Hairy Elephant's Foot. Devil's Grandmother. Two different common names for the same plant, Elephantopus tomentosus. Talk about disparate mental pictures! How did this plant get such widely varying common names?
Moving to a suburban lot that's been "civilized" for over 50 years, I wasn't really expecting any native wildflowers except those, like violets, that can often be considered "weeds". I've had 2 pleasant surprises, one of which is Elephantopus tomentosus. (Note: I hate both common names, so I think I'll just stick with the Latin.) The other surprise was a goldenaster, but I'll write about that plant later this fall, when it blooms.
Shortly after we moved in last summer, I actually noticed a couple of these unassuming little wildflowers growing at the edge of a city easement along one side of the back yard. Their dark green, flat, almost velveteen-looking basal leaves were interesting, but the wispy little flowers that seemed to fade before I made it out of bed in the morning were disappointing. I identified the plant and then basically ignored it.
Then I started feeding our cats first thing every morning. The cat food is right beside the Elephantopus corner and I started noticing that their light purple, aster-like blossoms were actually quite attractive, held so staunchly a foot above the ground and carefully framed by three miniature versions of the basal leaves. On a couple days, I went out several hours later to photograph them, only to find that the blooms had already closed.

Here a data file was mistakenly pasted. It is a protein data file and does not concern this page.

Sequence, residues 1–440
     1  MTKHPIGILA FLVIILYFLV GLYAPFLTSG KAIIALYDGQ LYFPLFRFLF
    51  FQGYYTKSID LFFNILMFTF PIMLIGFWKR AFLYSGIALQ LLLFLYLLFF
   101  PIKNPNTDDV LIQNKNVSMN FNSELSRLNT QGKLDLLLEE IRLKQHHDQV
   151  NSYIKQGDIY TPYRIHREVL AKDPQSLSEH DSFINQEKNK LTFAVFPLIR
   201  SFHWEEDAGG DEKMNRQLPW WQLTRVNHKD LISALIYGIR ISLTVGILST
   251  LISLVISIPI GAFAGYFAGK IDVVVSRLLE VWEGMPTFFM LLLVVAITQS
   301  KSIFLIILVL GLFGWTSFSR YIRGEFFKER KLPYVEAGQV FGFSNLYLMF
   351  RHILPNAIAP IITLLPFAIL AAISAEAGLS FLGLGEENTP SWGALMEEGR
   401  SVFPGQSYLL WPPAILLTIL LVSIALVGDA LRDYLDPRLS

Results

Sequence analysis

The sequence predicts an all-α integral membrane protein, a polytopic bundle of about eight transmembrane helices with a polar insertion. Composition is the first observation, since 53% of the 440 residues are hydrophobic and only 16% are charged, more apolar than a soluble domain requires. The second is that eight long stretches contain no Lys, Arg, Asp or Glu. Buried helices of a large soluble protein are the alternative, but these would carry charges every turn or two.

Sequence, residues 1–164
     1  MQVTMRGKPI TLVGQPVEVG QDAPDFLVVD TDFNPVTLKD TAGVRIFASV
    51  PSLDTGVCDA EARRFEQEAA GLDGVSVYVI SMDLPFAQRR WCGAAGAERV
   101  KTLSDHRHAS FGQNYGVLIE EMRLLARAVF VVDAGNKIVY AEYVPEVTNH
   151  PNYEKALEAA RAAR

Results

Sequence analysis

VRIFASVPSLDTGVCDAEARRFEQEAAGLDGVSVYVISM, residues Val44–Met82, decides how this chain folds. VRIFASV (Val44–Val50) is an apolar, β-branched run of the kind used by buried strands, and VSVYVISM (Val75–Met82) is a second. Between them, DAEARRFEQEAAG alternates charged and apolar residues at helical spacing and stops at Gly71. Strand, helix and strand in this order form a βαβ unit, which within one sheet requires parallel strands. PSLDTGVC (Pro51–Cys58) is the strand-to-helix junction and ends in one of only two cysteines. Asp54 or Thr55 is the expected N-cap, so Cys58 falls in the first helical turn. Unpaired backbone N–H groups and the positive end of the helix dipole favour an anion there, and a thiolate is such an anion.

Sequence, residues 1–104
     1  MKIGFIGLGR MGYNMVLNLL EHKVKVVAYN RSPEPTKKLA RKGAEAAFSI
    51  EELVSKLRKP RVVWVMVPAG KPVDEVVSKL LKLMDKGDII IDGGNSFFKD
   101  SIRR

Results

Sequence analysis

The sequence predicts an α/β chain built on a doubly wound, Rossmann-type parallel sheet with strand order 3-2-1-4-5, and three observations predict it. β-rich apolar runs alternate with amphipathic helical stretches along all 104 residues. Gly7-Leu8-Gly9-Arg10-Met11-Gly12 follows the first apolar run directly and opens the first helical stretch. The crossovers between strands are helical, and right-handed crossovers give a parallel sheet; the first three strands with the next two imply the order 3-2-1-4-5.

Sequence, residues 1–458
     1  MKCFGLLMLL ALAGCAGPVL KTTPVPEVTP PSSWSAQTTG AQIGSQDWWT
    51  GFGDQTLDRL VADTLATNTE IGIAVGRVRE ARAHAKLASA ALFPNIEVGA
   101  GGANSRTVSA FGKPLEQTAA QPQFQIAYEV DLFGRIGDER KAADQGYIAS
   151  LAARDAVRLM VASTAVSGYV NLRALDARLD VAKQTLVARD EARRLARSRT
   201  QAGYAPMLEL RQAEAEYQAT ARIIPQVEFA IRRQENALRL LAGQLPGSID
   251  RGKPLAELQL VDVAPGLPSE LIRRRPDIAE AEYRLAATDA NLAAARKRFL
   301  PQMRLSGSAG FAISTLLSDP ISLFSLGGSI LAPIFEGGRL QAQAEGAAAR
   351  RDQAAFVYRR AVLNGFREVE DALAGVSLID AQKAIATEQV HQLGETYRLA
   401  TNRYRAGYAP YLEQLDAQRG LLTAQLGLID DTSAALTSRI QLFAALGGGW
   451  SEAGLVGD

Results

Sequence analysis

Finally, stumbling out in my pajamas, with camera in hand, I managed to capture a few in full, morning bloom. They look like miniature boutonnieres, all ready to be harvested and pinned on some fairy gentleman's coat lapel. Still not spectacular flowers, but quaint and dainty and very appealing, in a quiet sort of way.
This plant's official common name, however, is Devil's Grandmother, according to the USDA Plants Database, and I can't for the life of me figure out why. To my knowledge, this plant has no spines or horrible odors or other devilish qualities to it. Some sources suggest that it is toxic; others say that it can be used as an analgesic and anti-inflammatory. Nothing too unusual there. For Pete's sake, azaleas are toxic, among many, many other plants, and willows are the original source of aspirin. So why Devil's Grandmother? If anyone knows, I'd love to find out the story here.
Meanwhile, I'm just going to get quiet pleasure each morning as I feed the cats and look at the dainty little fairy boutonnieres, held high for my viewing pleasure. Several sources mentioned that insects love these little blooms, too. The fly in the photo above certainly seemed to be content. I'll be watching to see what other insects might come calling as well.